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Calling all Quilters


Quilts are as much art form as functional, and they have existed for hundreds of years. They began in the lower classes, as thrifty peasant women used scraps of leftover material or pieces of worn out shirts or dresses to make blankets for their families. Gradually, quilts evolved into beautiful handcrafts, and since they are so large and labor-intensive, making them became a social event-the quilting bee. Neighbors or family members would gather at each other's homes, sit around a large wooden quilting frame, and assemble the quilts. In this way, they accomplished necessary work and were able to socialize, as well.

Quilts may be functional or purely decorative. Smaller quilts are often used as wall hangings, in the decorative sense, while a larger quilt may be neatly folded over antique quilt rack to give a country "Americana" look to the room. Functional quilts are used in the same way as bedspreads. They make the bed look neat, and also provide warmth. They come in every size, from tiny ones for a baby's crib, all the way to large quilts that cover a California king-sized bed.

Whether functional or decorative, what makes quilts famous for their beauty is their patterns. Some of these patterns’ pre-date the American Revolutionary War. One popular pattern is the double wedding ring, the familiar series of interlocking circles. The log cabin pattern is a series of blocks, with rectangular strips of fabric sewn at right angles to each other to form squares. Small octagonal pieces sewn together in groups form the flower garden pattern, and a five-pointed, stylized leaf forms the maple leaf pattern. Diamond shaped pieces sewn together can create the shooting star or lone star patterns. Some people prefer the arts and crafts look of the "crazy quilt," which is made of pieces of any scrap fabric sewn together in no particular pattern.

One specialized form of quilt emerged during the nineteenth century in America: the slave quilt. These quilts were functional as bed coverings, but also served another purpose: they gave directions that helped slaves escape north on the Underground Railroad. The quilts were sewn with various colors and symbols that represented the local roads, fields, plantations and streams. These quilts were on every plantation, hung on a clothesline or tree branch to give their messages. The orientation of the quilt as it hung changed the messages. These quilts also gave information about hiding places, food caches and safe houses to any who could read their language. They began appearing about 1835, when people from the north came to the plantations and taught the slaves how to make the quilts.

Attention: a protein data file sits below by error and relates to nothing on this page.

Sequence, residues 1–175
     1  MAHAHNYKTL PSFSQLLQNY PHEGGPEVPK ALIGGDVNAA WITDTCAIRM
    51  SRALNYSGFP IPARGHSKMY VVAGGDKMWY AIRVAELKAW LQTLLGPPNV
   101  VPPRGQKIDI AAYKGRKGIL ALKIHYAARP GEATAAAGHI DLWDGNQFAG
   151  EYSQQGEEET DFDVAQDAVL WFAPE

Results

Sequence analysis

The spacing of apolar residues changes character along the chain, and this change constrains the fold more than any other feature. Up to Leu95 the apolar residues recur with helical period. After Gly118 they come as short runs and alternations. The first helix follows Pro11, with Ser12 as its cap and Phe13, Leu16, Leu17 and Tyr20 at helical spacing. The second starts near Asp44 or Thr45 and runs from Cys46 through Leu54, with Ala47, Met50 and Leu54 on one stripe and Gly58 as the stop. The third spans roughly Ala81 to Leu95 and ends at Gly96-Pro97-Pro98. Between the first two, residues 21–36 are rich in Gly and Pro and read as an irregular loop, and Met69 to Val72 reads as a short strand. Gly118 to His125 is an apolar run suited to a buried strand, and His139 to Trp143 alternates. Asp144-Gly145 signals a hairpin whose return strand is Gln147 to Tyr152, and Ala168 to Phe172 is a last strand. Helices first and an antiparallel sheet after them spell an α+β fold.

The few slave quilts still in existence are in museums or are cherished family heirlooms.

Tip: Organize your fabric inventory by color and theme to quickly locate fabrics for your quilting.

If your sewing machine did not come with a quarter inch foot, you may be able to buy one for your machine or buy a generic one. It is well worth it. If you sew with the fabric just at the edge of the foot, and not beyond, maybe even a few threads closer to the needle than the edge of the foot, you should have a quarter inch seam.

Tip: When you reposition your hands when free motion quilting, take a stitch or two in place before you begin quilting again, to get oriented and avoid little squiggles.

Put a ruler under your needle and mark with masking tape where the quarter inch mark should be. If you use several layers of masking tape, it makes a little lip to work against.

Electrical tape works well too. You can buy a magnet that will serve this purpose.

Do not use a magnet, if you're using a computerized sewing machine. Magnets demagnetize the computer; thus, your expensive unit is ruined!

Tip: When sewing a decorative machine stitch, set your machine to half speed and push your foot pedal all the way down, this will give you consistent even stitching.

Practice making an accurate 1/4" seam using scrap fabric until you are very good at it. Cut two pieces of fabric 2 1/4" wide; sew them together and iron, checking afterwards to see if they are 4" wide.

After washing your fabric use spray starch while ironing to replace the sizing, this makes it easier to get that accurate seam.

Tip: Use medium gray or taupe thread for all patchwork piecing, except for very light color fabric combinations.

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